How to Write a Character Analysis?
To analyze a character deeply, you should perceive him/her as a real person. Think about it from a real-life perspective. When you meet someone, what are the hints that describe his/her personality implicitly? These might be slight voice modulations, reactions, or mood changes. Book characters also have feelings and thoughts that are not always expressed directly and entirely. However, figuring them out is less complicated than you think and Darwin essay writing service will help you with that.
Five basic character types
The very first step in character analysis is defining his/her basic type. This is a so-called underlying stratum of your work, a fundament where the bulk will gradually appear as you move further. The basic layer includes words, feelings, thoughts, and actions. You should analyze the most obvious things related to your hero first. Then you can move to details. The psychological structure of your character might be one of the following (or even a mix):
- One-note character
Such characters are flat and mono-dimensional. They don’t change throughout the plot and have hard-set convictions.
- Stereotypical character
Stereotypical characters implement common ideas about particular types of people. For example, these might be autistic mad professors, quirky merchants, silly muscle-heads, etc. They are usually one-note characters used by the author to move the plot forward.
- Globose character
Globose characters have numerous traits that can develop and change throughout the plot. They usually have inner conflicts, clashing ideas, and difficulties with other characters. As a rule, they experience troubles in relationships with other people and the world. They are more interesting and, therefore – livelier than one-note characters.
- Background character
Background characters are static – they remain the same during the entire story. These are pretty dull personalities that don’t experience any influence of the circumstances. At the end of the story, these characters are the same as you met them for the first time.
- Dynamic character
Dynamic personalities grow and develop throughout the story. Sometimes, they experience radical life changes, transform their beliefs, and turn into different persons.
The role of an analyzed character
After understanding the character’s type, it is essential to define the character’s role. Each character plays either a major or a minor role in the story. As a rule, dynamic and globose characters play major roles because they are active. Here are the examples:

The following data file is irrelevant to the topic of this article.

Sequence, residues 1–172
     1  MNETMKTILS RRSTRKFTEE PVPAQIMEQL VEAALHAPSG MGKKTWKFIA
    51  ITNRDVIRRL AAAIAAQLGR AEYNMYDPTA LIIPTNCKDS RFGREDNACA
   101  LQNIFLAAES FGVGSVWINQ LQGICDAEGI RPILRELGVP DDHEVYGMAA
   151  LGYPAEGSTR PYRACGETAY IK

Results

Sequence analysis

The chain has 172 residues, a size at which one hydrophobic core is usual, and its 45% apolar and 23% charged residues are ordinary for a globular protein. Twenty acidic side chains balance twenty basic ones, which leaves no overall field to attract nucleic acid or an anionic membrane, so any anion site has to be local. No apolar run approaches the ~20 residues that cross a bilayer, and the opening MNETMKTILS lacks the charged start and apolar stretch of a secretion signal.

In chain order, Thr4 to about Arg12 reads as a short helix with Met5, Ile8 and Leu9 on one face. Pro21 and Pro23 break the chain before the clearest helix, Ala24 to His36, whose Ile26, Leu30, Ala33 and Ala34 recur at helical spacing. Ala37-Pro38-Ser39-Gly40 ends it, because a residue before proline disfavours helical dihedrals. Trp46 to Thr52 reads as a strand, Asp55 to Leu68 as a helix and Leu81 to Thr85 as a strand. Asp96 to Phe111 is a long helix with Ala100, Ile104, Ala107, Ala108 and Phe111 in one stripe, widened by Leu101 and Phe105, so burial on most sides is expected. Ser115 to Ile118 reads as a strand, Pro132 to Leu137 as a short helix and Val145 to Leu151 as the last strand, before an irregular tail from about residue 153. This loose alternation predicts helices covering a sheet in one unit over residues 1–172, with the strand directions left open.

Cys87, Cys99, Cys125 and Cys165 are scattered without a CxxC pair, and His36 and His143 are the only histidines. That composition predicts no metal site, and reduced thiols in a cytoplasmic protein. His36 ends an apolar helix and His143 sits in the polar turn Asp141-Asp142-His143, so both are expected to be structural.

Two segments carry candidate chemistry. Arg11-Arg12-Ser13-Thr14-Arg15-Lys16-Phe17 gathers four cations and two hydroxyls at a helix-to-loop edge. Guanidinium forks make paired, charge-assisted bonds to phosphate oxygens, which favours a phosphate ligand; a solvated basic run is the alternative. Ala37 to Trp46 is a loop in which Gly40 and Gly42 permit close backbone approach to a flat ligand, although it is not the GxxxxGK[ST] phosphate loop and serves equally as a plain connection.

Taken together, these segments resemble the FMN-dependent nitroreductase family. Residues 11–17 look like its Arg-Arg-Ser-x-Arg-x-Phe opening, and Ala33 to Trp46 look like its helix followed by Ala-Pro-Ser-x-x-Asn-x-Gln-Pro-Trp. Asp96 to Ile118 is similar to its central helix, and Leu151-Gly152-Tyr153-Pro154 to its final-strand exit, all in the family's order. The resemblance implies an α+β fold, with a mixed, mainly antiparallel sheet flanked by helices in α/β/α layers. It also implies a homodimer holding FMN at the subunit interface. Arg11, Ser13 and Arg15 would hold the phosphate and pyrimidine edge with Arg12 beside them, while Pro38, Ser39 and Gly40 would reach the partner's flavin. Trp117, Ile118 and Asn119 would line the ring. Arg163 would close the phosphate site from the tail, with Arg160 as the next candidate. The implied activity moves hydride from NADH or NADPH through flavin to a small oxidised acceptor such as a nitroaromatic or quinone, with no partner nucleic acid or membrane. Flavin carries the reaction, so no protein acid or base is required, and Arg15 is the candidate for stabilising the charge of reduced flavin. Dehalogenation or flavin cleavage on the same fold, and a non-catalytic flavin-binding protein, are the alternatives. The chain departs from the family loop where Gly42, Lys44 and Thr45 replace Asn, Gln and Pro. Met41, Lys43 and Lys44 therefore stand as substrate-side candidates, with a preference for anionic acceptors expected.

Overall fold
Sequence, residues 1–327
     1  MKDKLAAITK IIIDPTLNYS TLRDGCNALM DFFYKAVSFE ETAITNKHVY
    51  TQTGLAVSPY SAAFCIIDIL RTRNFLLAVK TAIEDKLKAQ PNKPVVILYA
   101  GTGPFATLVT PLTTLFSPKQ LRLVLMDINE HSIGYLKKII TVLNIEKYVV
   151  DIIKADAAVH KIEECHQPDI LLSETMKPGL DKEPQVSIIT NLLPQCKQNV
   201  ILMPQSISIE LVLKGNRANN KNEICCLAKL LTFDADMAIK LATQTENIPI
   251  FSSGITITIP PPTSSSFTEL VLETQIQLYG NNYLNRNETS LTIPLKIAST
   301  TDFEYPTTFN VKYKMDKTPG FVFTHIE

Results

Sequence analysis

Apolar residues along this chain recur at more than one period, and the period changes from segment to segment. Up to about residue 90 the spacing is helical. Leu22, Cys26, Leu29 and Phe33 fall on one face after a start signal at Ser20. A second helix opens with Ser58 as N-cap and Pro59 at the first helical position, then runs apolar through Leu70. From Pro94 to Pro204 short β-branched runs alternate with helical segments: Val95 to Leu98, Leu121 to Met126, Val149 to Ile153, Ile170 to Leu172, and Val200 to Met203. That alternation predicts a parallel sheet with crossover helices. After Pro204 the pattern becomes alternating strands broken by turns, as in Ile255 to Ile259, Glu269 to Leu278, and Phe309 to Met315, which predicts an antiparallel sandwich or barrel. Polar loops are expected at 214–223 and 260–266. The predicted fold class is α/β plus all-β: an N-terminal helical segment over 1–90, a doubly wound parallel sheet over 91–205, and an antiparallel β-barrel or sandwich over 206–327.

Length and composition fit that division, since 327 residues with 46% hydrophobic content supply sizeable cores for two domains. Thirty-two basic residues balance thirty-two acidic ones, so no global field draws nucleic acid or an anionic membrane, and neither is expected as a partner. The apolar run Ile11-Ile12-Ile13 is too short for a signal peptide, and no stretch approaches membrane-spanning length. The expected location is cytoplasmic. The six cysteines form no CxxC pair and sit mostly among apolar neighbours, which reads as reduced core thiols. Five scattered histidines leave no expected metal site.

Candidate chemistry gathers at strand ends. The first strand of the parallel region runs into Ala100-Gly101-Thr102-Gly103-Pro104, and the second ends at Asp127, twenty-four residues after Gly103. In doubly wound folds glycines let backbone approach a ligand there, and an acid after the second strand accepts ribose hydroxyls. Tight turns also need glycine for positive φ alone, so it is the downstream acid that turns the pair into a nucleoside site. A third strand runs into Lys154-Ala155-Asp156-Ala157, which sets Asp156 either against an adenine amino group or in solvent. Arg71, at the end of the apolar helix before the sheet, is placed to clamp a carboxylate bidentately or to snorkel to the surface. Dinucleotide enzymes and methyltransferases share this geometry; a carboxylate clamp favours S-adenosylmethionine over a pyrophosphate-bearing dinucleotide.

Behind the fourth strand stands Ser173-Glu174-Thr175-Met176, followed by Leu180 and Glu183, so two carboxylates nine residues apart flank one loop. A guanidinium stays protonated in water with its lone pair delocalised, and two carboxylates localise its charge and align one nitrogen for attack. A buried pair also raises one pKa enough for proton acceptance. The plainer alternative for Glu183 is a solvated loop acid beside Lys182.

- The main characters or protagonists
The protagonist of the story is the central hero. He/she makes the events move, and the entire plot revolves around his/her destiny. There might be several main characters in a story.
In “Tom Sawyer and Huckleberry Finn”, there are two protagonists – Tom Sawyer and Huckleberry Finn.
In “Madame Bovary”, the lady Bovary is the protagonist.
The antagonist is the character that confronts the protagonist. He might be his/her enemy or even a larger entity to oppose (like society, ideology, and even death).
In “Tom Sawyer and Huckleberry Finn”, Pap Finn is a human antagonist, while the entire society is an entity boys have to deal with.
In “Madame Bovary”, Charles Bovary and Monsieur Homais are the antagonists.
- Foil characters
Foil characters’ traits are contrasting to the protagonists’ traits. The authors use them to show the main character’s personality in more detail and emphasize some of their streaks.
In “A Christmas Carol”, Fred is a foil to Ebenezer Scrooge as his complete antipode.
Characters’ development line
Pay attention to the way characters change throughout the plot. When analyzing one, you should explain how exactly and why did he/she change. Major and dynamic heroes grow after dealing with challenges and resolving conflicts. Characters might become stronger, obtain new beliefs, refuse from their past, develop new relationships, and reveal their hidden nature. Note significant scenes in which characters act differently than they used to. Sometimes, the authors mark such changes in the text. They write hints like “and suddenly she realized that…” or “this was the very first time when he…”
Interesting characters are not bare functions or representations of ideas. As a rule, they undergo both outer and inner journey, change, and grow. When analyzing one, pay special attention to the moments of transformation and figure out how they relate to the entire story. Focusing on such moments, you can understand the characters’ objectives and thoughts. As such, you perceive him/her as a real person and easily present an in-depth analysis. Good luck and happy essay writing!